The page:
Zisook S, Shear K: Grief and bereavement: what psychiatrists need to know. World Psychiatry. 2009;8:67-74.

    Zisook S, Reynolds CF 3rd, Pies R, et al. Bereavement, complicated grief, and DSM, part 1: depression. J Clin Psychiatry. 2010;71:955-956.

    Lamb K, Pies R, Zisook S. The Bereavement Exclusion for the diagnosis of major depression: to be or not to be? Psychiatry (Edgmont). 2010;7:19-25.

    Jamison KR. Nothing Was the Same. New York: Vintage Books; 2011

  4. Before the DSM-5 Task Force began its deliberations, the idea that normal grief could be a psychiatric disorder would have seemed preposterous. Freud, for example, following thousands of years of psychiatric thought, noted that:
    “Although grief involves grave departures from the normal attitude to life, it never occurs to us to regard it as a morbid condition and hand the mourner over to medical treatment. We rest assured that after a lapse of time it will be overcome, and we look upon any interference with it as inadvisable or even harmful.”
    Indeed, the notion that grief is a natural reaction to the death of an intimate is so deeply commonsensical that the general definition of mental disorder in the DSM itself uses it as the sole example of a condition that should not be considered disordered: “(Mental disorder) must not be merely an expectable and culturally sanctioned response to a particular event, for example, the death of a loved one.”
    There are also good empirical reasons for the bereavement exclusion. One of the causes for the original exclusion in the DSM-III was psychiatrist Paula Clayton’s findings that over 40 percent of individuals who had suffered the death of an intimate would meet the MDD criteria in the absence of the bereavement exclusion. Since Clayton used a one-month, rather than the existing two-week, duration that Pies’ suggestion would entail, a majority of the population could likely be diagnosed with major depression using the current diagnostic standards without the exclusion.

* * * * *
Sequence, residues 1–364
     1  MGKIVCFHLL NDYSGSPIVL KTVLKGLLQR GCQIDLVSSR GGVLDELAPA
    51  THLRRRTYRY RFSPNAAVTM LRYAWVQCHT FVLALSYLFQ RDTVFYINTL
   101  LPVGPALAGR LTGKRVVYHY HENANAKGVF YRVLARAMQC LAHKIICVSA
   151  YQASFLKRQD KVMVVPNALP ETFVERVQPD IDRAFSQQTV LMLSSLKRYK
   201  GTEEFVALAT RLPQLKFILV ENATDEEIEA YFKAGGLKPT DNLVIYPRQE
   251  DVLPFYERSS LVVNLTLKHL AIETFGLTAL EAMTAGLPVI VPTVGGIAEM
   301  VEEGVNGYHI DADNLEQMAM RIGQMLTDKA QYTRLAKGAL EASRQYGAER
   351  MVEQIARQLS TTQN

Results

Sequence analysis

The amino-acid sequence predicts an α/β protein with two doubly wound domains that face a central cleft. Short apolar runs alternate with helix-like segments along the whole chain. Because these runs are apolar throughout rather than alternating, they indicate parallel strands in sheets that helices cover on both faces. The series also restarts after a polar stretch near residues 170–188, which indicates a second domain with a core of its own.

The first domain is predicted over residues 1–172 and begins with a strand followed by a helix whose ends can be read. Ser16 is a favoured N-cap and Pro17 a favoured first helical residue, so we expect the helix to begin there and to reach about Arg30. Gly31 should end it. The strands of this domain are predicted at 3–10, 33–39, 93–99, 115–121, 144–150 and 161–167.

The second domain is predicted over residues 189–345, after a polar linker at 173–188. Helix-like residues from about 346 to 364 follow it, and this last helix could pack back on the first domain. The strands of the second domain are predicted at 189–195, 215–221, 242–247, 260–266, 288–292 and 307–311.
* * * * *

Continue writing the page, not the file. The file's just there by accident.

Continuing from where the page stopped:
A recent study by Ramin Mojtabai uses prospective data from to test the validity of the bereavement exclusion by comparing the prognosis of bereaved and non-bereaved people who have had depressive episodes. Majtabai’s findings show that three years after the initial episode the rate of depression among the bereaved group (8.2%) was comparable to those who were never depressed (7.5%) but significantly lower than the depressed group that was not bereaved (14.7%). Bereaved people are no more likely than people who are not depressed to have subsequent depressive episodes; the prognosis of bereavement is benign compared to other depressed persons; and grieving people, as Freud predicted, are likely to self-heal without treatment. Providing further evidence for the wisdom of maintaining the bereavement exclusion, Majtabai also found that compared to those with other depressive episodes, respondents with bereavement-related episodes were less likely to have impaired role functioning, psychiatric treatment, or comorbid disorders. These findings are likely to understate the differences between the bereaved and others who met MDD criteria because the latter group included people who met these criteria because of other types of losses. Were this group excluded from the MDD group, the differences between the bereaved and non-bereaved group likely would have been even larger.